Every once in a while I receive a comment or an email challenging the methods I use to teach art. Why I would choose to do a directed-line drawing instead of observation? Or how could I possibly use a template in the creation of an art project? It stings at first but then I try to find the truths hidden beneath. Is there a better way to teach art? Am I doing all I can to nurture and respect a child’s creative development? Unfortunately, the answer is yes, then no. There are always better ways to teach art and I would love to be even better at developing the artist within.
I know this as truth because after the end of each teaching day, I reflect. This blog helps with that. When I post a lesson for you, I only post what I feel resonated with my students. Sometimes I post lessons that don’t work out so well. This helps with the process of understanding what works with children and what doesn’t. But the real issue is, how and why do I come up with the lesson that I do?
The origins of my artistic focus
I was an artistic child. My mother was creative in the art of needlework and decorating, but my parents had more things to worry about than nurturing my art. And the truth is, they didn’t have to do a thing. I could be creative and artistic without any encouragement whatsoever. I developed my own style, purchased my own supplies and escaped to my small table in my bedroom to draw, trace, color, snip and glue to my hearts content.
One day my mother took notice and enrolled me in a portrait making class at The Confederation Centre of the Arts in Charlottetown (my hometown). It was like I had stepped into art nirvana; easels, real art paper, brushes with long, wooden handles and paints in buckets! Oh, how excited I was. The instructor spent a long time going over placement of facial features and how to achieve the right flesh color. I soaked it up. The level of instruction was what I had been yearning for but didn’t know it. I would have been supremely disappointed had the instructor set out paper and paints and said, “Paint to your hearts content!” I mean, I could’ve done that anywhere.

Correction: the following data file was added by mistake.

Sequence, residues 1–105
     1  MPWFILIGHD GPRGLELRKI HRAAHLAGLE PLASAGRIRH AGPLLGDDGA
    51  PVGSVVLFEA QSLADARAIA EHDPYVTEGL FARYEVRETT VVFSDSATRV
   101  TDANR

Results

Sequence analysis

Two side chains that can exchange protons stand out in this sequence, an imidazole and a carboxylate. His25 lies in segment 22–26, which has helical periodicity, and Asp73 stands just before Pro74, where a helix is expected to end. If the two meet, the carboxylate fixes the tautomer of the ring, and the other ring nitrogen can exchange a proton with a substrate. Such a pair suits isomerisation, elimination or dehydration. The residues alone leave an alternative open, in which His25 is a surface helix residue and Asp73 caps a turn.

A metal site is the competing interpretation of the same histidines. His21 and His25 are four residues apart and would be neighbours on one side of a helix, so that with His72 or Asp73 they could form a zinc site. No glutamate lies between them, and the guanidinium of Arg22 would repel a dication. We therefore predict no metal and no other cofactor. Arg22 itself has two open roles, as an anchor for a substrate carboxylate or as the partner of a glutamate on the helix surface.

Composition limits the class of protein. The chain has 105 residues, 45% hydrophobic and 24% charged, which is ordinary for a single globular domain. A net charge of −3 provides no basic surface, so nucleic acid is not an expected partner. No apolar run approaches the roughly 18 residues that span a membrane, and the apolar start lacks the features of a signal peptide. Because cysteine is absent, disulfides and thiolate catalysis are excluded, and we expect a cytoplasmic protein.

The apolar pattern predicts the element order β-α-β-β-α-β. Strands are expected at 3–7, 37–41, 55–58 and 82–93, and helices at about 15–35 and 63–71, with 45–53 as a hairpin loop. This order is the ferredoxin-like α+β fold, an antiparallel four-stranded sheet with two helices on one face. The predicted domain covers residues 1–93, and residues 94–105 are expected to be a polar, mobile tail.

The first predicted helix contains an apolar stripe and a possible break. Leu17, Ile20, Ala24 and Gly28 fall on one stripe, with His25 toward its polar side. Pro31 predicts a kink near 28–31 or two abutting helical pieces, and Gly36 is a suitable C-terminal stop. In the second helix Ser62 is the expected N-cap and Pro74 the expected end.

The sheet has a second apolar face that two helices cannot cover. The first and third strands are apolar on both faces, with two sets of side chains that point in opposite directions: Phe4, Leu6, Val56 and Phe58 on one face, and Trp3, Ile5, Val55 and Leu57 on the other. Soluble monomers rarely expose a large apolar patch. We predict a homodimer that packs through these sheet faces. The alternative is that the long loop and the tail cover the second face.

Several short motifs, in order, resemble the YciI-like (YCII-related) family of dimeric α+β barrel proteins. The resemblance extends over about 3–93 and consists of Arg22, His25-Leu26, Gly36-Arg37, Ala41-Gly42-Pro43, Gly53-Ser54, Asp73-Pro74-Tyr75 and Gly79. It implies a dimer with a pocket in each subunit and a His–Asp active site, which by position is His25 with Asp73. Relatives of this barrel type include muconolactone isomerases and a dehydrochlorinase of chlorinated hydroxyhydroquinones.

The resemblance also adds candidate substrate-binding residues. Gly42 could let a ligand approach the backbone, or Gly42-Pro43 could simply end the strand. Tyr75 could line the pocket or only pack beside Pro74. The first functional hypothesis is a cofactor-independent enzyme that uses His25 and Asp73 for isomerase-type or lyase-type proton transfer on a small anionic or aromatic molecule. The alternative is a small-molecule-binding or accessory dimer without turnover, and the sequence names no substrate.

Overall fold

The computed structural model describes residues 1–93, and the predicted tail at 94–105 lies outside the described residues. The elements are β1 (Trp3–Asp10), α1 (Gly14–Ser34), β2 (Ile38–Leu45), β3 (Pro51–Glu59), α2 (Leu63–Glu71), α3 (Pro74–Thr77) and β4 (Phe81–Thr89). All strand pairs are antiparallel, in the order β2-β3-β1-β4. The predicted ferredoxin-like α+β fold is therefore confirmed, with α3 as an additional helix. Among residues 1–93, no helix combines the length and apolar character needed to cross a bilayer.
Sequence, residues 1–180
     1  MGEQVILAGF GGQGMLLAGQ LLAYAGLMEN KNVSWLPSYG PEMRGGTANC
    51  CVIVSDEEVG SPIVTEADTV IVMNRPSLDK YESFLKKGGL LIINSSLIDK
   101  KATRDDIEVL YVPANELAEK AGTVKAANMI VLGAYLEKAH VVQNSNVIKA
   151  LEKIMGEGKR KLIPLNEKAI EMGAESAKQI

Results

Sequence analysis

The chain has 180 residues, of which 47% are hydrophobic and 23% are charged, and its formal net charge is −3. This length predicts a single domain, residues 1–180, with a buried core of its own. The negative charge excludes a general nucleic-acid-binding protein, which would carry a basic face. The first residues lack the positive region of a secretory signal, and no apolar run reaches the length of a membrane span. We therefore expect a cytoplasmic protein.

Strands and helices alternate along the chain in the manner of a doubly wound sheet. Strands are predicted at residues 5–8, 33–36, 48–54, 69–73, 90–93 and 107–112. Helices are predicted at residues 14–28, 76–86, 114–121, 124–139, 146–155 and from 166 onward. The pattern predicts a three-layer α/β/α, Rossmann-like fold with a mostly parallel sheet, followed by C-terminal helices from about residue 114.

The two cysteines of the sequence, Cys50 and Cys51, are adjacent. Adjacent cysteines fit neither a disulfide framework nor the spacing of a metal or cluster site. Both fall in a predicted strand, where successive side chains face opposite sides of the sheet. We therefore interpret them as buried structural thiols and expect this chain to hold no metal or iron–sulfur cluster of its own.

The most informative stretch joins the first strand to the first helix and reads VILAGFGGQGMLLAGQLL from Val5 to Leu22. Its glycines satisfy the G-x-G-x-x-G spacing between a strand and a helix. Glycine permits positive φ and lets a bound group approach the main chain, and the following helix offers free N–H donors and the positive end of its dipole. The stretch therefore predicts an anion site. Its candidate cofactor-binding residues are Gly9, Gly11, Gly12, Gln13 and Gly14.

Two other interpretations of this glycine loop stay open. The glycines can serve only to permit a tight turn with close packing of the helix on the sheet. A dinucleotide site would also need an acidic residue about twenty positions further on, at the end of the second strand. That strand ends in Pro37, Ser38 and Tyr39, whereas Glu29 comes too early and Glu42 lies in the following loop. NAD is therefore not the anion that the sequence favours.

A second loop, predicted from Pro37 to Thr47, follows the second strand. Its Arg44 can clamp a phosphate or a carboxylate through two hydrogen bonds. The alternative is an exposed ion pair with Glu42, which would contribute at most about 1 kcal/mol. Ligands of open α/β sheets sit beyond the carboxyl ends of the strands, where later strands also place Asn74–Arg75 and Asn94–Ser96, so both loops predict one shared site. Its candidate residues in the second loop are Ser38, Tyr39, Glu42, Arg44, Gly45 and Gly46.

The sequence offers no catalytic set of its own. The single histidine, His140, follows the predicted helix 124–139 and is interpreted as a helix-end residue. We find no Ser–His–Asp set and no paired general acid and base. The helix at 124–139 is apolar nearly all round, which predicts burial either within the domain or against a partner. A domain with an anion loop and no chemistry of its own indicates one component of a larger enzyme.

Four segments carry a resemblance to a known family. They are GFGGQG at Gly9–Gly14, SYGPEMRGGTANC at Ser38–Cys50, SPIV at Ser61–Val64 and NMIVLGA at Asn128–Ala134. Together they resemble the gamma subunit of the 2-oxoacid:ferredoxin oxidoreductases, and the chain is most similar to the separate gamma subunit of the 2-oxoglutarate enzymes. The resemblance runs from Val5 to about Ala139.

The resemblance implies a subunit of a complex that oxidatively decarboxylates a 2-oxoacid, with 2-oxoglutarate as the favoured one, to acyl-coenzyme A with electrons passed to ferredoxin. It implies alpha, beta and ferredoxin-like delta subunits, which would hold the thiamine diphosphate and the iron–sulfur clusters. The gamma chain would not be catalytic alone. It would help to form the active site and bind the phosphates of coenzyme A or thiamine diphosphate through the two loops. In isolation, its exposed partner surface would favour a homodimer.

I believe that most school-age children love instruction and are eager to learn how to apply this instruction to their art. I see it everyday. They love the freedom to express themselves, but they absolutely love learning new techniques, drawing tricks and saving a few steps by using a template to get to the good stuff.
Who do I teach?
I teach children. All children. Children who are like I once was–creative and capable, children who have very little fine motor skills, children who are gifted but don’t know it, children who are gifted and do know it and children who would rather be outside kicking a ball. Every child is different and every public school art teacher knows that every class is unique, too.
I don’t believe there is only one way to teach art, so I try to come up with lessons that are varied and will appeal to all my different students. It takes careful planning and sometimes more work than I had planned for, but it’s worth it.
Only one perspective
Still, I am only one art teacher with one perspective. I often wonder after reading these comments, what makes a person so passionate about their perspective? Does certain art instruction really impair a child’s creative growth? Am I missing something?
So, I ask my readers and everyone out there who may not like or agree with the practices of art instruction, what is the best way to teach art?
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